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I used Mac Laurin (1/(1-x/2) and e^(i*pi))formulas therefore "i" can be written as relation which is containing series but not just one summation series because i^0=1; i^1=i;i^2=-1;i^3=-i;i^4=1....

Now using Mac Laurin formula for 1/(1-x/2) and k=sum(j=0;oo;(1/2)^(4*j)); we have i=-2*(15*k-4)/(15*k-16).

This is not a sum of series but a relation which contains series.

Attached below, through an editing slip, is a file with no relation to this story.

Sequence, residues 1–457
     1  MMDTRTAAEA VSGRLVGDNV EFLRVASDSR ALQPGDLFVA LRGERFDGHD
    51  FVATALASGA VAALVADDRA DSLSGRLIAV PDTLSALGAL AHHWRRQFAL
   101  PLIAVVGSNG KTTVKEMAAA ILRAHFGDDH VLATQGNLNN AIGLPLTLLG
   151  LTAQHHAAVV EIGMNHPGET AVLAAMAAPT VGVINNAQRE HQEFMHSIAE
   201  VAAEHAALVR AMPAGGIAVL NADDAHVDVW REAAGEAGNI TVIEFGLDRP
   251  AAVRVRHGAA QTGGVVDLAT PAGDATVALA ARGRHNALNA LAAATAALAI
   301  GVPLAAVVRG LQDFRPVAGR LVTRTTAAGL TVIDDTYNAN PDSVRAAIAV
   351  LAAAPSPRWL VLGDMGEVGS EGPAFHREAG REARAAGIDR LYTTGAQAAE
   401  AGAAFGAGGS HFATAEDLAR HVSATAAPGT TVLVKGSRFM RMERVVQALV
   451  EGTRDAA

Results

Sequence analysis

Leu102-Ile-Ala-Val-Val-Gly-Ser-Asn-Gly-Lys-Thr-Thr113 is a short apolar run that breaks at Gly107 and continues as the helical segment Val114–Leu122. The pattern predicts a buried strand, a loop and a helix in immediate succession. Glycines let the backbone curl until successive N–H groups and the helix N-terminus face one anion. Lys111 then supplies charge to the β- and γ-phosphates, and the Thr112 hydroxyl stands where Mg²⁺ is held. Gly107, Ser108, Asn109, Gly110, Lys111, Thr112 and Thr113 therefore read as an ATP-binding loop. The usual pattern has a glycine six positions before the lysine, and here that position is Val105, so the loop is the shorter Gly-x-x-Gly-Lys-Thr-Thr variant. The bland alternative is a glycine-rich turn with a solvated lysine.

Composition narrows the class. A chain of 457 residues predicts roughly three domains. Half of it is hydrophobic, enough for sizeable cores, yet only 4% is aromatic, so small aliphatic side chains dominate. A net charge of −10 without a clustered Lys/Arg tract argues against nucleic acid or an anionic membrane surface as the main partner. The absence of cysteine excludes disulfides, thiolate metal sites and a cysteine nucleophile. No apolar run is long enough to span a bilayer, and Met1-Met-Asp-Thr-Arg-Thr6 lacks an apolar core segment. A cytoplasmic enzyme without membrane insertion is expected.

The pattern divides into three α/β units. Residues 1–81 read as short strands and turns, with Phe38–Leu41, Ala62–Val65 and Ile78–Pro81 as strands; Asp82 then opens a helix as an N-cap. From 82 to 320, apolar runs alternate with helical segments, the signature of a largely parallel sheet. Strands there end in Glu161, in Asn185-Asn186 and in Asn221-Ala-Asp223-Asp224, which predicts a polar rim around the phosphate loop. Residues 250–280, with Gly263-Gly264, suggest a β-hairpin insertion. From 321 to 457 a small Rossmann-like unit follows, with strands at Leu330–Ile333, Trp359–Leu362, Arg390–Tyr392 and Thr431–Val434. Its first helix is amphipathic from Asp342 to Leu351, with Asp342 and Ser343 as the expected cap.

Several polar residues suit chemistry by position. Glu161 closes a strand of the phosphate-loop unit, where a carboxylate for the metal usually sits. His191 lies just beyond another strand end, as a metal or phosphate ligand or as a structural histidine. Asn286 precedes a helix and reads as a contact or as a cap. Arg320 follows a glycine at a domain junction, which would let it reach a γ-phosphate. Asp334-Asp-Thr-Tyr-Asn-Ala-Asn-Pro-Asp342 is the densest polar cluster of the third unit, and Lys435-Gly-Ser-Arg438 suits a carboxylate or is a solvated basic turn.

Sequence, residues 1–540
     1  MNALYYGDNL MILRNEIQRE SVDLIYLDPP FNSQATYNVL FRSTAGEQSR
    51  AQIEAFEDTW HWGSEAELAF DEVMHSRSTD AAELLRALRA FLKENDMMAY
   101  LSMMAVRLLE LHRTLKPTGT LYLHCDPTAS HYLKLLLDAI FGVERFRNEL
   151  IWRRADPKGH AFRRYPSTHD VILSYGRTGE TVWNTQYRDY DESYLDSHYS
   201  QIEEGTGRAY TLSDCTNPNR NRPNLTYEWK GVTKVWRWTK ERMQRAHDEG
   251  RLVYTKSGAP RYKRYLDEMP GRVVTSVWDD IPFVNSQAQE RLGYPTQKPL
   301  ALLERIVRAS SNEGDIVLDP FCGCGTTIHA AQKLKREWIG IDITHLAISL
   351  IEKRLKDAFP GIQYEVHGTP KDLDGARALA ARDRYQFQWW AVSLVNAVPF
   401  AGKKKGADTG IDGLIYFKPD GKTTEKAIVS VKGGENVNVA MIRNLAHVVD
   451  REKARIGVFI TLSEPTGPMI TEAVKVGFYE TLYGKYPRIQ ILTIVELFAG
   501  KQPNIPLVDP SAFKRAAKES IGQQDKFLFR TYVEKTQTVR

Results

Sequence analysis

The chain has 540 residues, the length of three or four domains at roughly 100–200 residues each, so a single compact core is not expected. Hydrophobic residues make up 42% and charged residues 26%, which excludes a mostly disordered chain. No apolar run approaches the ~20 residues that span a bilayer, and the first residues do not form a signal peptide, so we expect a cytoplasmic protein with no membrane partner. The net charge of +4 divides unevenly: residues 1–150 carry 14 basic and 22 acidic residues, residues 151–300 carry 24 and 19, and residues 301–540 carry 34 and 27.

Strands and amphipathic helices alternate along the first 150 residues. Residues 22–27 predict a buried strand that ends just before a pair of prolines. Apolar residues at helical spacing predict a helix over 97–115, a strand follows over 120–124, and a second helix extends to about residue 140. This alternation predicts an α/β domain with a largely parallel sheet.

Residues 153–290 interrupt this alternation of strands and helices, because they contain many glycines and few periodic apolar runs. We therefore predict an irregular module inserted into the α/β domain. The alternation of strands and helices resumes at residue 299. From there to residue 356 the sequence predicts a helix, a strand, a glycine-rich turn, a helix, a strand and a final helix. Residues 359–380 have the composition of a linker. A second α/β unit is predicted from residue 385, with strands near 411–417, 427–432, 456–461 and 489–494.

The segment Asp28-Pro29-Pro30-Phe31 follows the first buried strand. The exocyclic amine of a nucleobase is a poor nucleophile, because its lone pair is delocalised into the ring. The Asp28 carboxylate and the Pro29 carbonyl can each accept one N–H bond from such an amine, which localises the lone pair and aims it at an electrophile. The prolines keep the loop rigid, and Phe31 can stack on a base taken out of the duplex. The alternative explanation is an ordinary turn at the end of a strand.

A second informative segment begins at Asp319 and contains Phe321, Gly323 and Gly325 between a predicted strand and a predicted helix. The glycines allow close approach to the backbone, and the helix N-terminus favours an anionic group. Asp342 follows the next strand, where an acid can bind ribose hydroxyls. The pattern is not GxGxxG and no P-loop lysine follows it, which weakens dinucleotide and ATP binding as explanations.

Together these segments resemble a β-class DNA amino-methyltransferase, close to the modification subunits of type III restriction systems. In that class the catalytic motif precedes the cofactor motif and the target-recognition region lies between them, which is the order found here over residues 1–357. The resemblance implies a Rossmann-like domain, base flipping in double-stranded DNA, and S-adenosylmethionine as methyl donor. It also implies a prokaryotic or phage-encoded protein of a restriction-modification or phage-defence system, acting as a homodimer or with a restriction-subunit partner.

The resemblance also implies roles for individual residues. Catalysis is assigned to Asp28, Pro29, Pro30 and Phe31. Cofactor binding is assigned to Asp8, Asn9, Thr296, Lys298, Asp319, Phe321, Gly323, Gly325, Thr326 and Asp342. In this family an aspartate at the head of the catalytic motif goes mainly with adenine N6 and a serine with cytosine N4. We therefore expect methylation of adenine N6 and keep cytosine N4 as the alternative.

I used Mac Laurin (1/(1-x/2) and e^(i*pi))formulas therefore "i" can be written as relation which is containing series but not just one summation series because i^0=1; i^1=i;i^2=-1;i^3=-i;i^4=1....

Now using Mac Laurin formula for 1/(1-x/2) and k=sum(j=0;oo;(1/2)^(4*j)); we have i=-2*(15*k-4)/(15*k-16).

This is not a sum of series but a relation which contains series.

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